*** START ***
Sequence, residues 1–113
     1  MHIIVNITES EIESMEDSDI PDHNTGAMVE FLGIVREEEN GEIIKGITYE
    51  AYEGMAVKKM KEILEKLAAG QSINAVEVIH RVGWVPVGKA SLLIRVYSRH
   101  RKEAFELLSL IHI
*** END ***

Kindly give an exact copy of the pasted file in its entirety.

Sequence, residues 1–113
     1  MHIIVNITES EIESMEDSDI PDHNTGAMVE FLGIVREEEN GEIIKGITYE
    51  AYEGMAVKKM KEILEKLAAG QSINAVEVIH RVGWVPVGKA SLLIRVYSRH
   101  RKEAFELLSL IHI